The NCAA’s Division I Council this week approved clarifications to its transfer waiver guidelines to help members understand what specific information to submit with waiver requests.
While a post on the NCAA’s website notes that no transfer rules were changed, the new language does seem to narrow acceptable conditions for approving a transfer.
The new guidelines address four types of athletes, including those who have run out of opportunities to play at their original school; those who have been wronged in some way by coaches or administrators in a toxic environment; those who transfer because of a recent injury or illness to an immediate family member; and those wanting to be closer to home because of their own injury or illness, including mental health-related issues.
The new language puts more control in the hands of the athletic director and requires more written documentation detailing a player’s reason for transferring. For instance, if a player feels they have been abused or harassed, they'll need written documentation of the incident that will need to be turned in as proof of their reason for requesting a transfer. The clarifications appear to be directed at closing some loopholes that granted immediate eligibility to a number of high-profile college football players this past offseason.
"You have the leader of the department being able to look at the student and that experience and making sure we're doing what we can to create the best student experience," Council chair Blake James, the athletic director at Miami, told ESPN. "Having an understanding of the reasons why a young person is looking to leave and being a part of that process is something that should be happening on a more regular basis."
Attorney Tom Mars, who assisted in successful waiver requests of Ohio State quarterback Justin Fields, Michigan quarterback Shea Patterson and others, agreed with James that the revised guidelines clarify the process but he thinks they won't help transfers play sooner.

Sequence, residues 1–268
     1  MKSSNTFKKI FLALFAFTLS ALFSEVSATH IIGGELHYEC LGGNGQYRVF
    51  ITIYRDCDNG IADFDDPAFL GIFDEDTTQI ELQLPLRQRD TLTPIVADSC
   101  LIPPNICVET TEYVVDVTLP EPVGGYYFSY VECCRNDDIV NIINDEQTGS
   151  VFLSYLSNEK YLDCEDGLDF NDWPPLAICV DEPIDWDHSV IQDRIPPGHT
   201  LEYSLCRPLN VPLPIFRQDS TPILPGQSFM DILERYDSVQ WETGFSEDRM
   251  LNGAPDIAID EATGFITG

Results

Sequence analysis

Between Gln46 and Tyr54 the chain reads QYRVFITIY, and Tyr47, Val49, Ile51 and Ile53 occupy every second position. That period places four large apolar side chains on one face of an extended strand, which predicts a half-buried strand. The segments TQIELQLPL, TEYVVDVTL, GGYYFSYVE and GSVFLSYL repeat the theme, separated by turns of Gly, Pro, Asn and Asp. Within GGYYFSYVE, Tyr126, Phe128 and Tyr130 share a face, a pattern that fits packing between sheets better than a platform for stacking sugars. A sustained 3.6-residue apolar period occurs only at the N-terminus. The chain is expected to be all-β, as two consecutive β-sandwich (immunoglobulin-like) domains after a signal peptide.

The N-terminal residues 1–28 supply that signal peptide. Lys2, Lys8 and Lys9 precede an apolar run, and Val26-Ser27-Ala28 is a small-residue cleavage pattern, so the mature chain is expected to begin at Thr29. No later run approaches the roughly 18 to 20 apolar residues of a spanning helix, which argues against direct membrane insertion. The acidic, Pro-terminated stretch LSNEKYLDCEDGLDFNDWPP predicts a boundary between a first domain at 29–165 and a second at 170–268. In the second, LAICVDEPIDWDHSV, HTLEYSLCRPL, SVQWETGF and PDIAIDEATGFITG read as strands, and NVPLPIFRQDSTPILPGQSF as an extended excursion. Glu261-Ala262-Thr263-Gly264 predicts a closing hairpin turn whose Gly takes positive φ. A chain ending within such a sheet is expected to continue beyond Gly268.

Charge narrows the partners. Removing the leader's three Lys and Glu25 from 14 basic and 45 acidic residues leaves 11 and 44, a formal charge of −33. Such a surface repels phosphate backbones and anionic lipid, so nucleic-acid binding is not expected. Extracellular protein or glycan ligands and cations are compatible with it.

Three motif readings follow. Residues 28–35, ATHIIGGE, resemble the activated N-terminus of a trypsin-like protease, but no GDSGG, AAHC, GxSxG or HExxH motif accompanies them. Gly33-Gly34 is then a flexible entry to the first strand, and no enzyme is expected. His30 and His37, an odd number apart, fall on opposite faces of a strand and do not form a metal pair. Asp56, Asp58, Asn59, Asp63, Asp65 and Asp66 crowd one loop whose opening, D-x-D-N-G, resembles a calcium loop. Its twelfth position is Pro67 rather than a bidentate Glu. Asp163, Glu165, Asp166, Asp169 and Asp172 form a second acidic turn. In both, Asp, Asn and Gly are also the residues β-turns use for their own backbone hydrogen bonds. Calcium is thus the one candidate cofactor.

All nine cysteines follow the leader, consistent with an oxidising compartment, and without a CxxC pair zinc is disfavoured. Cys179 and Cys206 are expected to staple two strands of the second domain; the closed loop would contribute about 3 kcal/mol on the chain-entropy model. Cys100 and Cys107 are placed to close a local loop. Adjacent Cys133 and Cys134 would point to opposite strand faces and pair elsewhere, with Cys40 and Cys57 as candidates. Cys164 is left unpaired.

"The only thing that's been clarified in my mind is that it will now be more difficult for student-athletes to get a waiver," Mars told ESPN. "That's painfully clear."
Many in the media had already expressed frustration with the existing rules, and the new language doesn’t appear to be easing any of those concerns.
“How about, instead of the NCAA changing transfer guidelines for immediate eligibility so they are more strict, I don't know ... you change them so they make sense in the first place,” tweeted head of CBS Sports, Adam Silverstein.
The NCAA is going to deny a transfer waiver if the athletic director won’t admit on paper that his or her current employee ran the athlete off. https://t.co/07v1kM0m8g— Mark Ennis (@MarkEnnis) June 26, 2019
James argues that’s exactly what the NCAA is trying to do. "In speaking to colleagues, my opinion is we need to continue to look at the process and figure out ways to make it easier to understand," he said. "That's what some of the steps created today...It will create more transparency. Is this end-all? No. I'm sure we'll continue to evaluate and make changes as needed that make sense to better the student experience."